As for why a store wouldn't just off coupons and redeem them, there are checks and balances in place to prevent that. At a minimum, a store has to show that it had stock levels to cover the coupons redeemed. A sudden increase in coupon redemption which would be out of line with other retailers, would also raise red flags. It would be fraud.
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If the consumer should get the full price back, then he has basically brought the coupon to the store and received cash for it. The retailer (and essentially the manufacturer) hasn't sold anything.

If you believe that is the right thing since the company can get cash for the coupon, even thought it hasn't sold the product at this point, then you must also believe the retailer should just straight-up give you cash for coupons.
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JWL wrote:
Apr 28th, 2008 3:56 pm
If the consumer should get the full price back, then he has basically brought the coupon to the store and received cash for it. The retailer (and essentially the manufacturer) hasn't sold anything.

If you believe that is the right thing since the company can get cash for the coupon, even thought it hasn't sold the product at this point, then you must also believe the retailer should just straight-up give you cash for coupons.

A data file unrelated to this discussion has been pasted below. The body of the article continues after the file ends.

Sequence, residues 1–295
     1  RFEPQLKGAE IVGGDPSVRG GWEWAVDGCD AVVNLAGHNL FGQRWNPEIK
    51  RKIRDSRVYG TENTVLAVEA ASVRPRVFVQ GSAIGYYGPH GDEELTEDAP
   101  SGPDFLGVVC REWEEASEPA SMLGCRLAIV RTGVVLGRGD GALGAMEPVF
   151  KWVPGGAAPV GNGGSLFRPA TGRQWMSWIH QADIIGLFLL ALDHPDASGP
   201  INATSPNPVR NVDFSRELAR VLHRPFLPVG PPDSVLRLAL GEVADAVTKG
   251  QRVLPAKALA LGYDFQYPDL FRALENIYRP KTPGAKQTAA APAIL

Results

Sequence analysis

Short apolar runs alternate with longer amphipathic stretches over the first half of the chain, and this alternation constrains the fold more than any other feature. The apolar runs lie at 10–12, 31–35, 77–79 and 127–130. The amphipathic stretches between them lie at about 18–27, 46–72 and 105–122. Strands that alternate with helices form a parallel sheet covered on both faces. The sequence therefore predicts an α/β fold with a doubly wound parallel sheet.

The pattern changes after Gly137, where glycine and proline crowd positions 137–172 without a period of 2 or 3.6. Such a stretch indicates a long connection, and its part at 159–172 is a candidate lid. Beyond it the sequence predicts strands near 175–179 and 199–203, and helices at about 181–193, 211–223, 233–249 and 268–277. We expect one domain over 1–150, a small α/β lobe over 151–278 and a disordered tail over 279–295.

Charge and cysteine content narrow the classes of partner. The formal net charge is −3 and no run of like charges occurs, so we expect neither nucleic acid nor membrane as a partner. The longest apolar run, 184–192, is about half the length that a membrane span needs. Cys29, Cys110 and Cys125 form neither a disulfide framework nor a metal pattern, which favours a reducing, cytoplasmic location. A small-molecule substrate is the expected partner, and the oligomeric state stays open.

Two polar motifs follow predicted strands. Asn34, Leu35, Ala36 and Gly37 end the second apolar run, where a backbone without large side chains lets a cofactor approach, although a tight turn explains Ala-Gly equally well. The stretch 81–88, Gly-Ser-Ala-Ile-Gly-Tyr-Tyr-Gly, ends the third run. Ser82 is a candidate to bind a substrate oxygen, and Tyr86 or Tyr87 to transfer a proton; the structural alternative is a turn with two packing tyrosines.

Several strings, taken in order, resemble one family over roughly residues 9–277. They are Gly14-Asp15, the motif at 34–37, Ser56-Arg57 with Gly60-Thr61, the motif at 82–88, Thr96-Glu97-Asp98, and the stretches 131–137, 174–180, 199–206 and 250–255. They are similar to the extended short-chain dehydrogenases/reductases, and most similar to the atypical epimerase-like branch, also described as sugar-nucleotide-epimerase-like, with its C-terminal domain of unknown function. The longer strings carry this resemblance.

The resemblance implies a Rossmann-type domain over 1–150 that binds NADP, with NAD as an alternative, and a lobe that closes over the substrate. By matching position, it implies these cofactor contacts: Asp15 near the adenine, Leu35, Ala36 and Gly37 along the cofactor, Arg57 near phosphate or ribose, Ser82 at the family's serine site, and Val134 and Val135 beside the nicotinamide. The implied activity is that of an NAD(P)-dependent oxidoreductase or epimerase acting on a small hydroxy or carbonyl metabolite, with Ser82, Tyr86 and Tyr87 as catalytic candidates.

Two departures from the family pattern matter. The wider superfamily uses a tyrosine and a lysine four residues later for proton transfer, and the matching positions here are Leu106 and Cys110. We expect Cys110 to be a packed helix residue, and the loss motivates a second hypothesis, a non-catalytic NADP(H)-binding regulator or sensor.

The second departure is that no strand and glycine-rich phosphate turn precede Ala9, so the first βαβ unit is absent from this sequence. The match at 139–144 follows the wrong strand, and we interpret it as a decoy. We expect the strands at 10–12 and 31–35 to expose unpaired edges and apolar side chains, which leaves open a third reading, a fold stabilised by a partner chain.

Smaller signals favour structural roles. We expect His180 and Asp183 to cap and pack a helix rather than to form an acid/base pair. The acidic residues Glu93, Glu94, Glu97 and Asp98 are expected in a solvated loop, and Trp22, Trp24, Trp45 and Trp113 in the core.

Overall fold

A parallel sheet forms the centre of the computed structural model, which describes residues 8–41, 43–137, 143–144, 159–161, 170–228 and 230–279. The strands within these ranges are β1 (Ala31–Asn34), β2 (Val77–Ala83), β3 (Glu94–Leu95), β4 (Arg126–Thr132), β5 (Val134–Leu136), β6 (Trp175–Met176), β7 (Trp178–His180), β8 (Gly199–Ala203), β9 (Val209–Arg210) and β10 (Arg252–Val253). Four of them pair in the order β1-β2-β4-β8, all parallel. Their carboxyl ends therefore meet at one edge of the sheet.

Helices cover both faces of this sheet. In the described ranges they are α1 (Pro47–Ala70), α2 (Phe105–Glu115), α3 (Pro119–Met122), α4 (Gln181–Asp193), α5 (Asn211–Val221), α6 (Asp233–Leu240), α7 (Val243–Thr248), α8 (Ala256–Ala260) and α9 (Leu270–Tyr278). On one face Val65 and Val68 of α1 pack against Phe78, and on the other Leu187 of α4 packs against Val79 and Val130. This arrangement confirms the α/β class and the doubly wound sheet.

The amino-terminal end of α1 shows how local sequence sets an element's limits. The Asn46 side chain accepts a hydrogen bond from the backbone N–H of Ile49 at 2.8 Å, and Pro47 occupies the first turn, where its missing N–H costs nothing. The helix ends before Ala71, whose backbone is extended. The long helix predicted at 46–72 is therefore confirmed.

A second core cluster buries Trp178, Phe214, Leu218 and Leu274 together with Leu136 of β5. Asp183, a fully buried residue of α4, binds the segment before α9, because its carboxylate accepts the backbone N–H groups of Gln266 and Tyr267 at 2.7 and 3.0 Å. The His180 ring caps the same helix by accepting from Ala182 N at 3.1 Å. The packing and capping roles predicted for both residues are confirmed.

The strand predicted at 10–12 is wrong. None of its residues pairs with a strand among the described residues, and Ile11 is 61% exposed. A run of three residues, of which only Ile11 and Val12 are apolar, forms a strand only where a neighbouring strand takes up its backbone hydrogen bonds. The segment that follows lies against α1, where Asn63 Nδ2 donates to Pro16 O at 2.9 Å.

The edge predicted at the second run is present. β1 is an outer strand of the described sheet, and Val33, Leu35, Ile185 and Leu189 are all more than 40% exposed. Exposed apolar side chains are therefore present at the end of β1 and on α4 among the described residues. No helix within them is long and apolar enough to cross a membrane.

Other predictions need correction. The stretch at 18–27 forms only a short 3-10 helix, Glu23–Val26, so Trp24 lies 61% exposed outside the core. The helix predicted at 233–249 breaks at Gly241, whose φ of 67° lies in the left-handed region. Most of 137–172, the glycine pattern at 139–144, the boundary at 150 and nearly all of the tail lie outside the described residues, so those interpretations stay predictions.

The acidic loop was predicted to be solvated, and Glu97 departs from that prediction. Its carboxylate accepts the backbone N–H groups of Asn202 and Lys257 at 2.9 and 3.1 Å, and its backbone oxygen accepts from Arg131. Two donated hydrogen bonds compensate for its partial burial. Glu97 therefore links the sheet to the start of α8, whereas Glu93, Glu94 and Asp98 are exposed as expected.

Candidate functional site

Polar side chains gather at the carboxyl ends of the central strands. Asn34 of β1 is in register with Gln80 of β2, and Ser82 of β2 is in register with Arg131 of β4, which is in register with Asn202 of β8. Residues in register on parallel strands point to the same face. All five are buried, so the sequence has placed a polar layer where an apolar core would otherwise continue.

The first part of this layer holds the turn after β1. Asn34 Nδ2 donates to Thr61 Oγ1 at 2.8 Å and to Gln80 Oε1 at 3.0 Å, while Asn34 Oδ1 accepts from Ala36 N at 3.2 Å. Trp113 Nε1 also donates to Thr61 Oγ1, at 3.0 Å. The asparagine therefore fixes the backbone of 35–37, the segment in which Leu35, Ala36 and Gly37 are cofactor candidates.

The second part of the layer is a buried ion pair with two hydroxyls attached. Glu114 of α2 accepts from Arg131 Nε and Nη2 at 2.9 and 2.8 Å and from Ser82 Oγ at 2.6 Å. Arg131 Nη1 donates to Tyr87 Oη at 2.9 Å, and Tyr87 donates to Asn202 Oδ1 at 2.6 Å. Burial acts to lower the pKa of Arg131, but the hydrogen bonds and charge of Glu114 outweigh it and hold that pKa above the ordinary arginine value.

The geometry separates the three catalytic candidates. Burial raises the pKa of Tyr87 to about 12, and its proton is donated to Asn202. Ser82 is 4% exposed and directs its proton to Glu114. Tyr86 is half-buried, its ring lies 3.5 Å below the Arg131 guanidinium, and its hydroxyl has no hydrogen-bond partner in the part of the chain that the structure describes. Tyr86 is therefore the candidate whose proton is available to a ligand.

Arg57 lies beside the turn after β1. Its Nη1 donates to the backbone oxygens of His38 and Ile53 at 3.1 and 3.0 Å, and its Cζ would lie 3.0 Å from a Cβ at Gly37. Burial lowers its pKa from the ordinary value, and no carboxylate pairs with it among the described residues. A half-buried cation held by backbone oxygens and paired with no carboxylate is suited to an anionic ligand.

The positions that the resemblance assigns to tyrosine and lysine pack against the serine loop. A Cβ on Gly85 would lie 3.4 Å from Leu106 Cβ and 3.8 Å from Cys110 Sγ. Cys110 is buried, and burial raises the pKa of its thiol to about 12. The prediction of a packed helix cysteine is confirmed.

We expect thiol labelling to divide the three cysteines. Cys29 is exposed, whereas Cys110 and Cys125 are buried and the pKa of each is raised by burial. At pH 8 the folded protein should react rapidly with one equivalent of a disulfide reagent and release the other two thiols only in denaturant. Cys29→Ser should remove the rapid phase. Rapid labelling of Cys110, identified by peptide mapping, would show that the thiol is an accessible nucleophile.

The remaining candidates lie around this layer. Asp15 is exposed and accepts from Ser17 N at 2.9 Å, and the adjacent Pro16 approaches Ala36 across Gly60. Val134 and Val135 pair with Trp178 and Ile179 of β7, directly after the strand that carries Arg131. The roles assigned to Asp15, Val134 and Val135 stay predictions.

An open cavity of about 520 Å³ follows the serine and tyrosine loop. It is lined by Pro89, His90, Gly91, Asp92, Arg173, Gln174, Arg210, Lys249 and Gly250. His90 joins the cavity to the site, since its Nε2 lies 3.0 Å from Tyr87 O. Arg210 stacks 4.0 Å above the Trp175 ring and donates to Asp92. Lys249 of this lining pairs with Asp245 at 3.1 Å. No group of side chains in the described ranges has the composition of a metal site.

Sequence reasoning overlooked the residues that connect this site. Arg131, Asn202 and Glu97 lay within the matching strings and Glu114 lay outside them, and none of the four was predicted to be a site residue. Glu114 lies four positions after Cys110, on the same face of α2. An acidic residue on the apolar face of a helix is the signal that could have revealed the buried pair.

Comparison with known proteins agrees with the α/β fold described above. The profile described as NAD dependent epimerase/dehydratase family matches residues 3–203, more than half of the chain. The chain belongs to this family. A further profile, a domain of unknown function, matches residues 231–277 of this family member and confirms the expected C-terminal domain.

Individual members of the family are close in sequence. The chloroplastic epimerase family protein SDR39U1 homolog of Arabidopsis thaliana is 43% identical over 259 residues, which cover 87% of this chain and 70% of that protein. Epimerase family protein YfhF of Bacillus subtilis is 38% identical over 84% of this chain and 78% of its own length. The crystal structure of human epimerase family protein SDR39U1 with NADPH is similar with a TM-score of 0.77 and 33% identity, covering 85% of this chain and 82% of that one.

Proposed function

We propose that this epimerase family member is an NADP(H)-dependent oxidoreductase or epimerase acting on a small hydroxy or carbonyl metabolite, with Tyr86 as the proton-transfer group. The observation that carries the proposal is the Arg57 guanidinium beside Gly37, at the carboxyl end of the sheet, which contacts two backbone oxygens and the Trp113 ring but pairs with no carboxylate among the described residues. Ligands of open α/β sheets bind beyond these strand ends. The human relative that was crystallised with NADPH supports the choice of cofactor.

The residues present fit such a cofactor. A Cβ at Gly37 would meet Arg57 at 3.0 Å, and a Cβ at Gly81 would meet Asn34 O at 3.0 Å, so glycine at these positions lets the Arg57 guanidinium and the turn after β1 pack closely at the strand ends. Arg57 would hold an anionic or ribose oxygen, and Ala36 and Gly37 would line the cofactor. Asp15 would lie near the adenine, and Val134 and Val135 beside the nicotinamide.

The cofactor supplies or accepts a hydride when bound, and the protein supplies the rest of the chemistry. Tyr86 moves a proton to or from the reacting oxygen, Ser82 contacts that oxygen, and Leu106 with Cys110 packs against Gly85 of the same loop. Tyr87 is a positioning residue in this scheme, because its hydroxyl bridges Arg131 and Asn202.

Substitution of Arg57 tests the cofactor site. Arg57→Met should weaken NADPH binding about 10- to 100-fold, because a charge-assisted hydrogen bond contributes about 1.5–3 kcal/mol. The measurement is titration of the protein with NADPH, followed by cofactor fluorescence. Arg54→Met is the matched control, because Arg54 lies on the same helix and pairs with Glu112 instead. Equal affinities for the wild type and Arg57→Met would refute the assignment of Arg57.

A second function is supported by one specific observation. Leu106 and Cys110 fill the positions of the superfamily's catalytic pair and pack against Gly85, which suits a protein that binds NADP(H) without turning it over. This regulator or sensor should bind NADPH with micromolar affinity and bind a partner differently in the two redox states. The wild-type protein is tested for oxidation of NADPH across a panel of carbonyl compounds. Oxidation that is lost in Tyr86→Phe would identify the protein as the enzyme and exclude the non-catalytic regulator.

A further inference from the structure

Can the store return the coupon to the customer? In most cases probably not, so now the customer cannot use their coupon again for another purchase.

How do you propose the store resolve that issue?
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drunkgoat wrote:
Apr 28th, 2008 4:21 pm
Can the store return the coupon to the customer? In most cases probably not, so now the customer cannot use their coupon again for another purchase.

How do you propose the store resolve that issue?
A coupon usully states that its a one time use item so as it has already been used, no matter that the item is returned, it should not be used again. Also coupons are usually for specific items and since it is a return being requested why would the coupon be needed again unless it was to try to get more money back again. If one were to request an exchange on a purchase that a coupon was used on and then be told that you had to pay more on the new item then I could see a reason to argue but not in a case where the request is for a refund.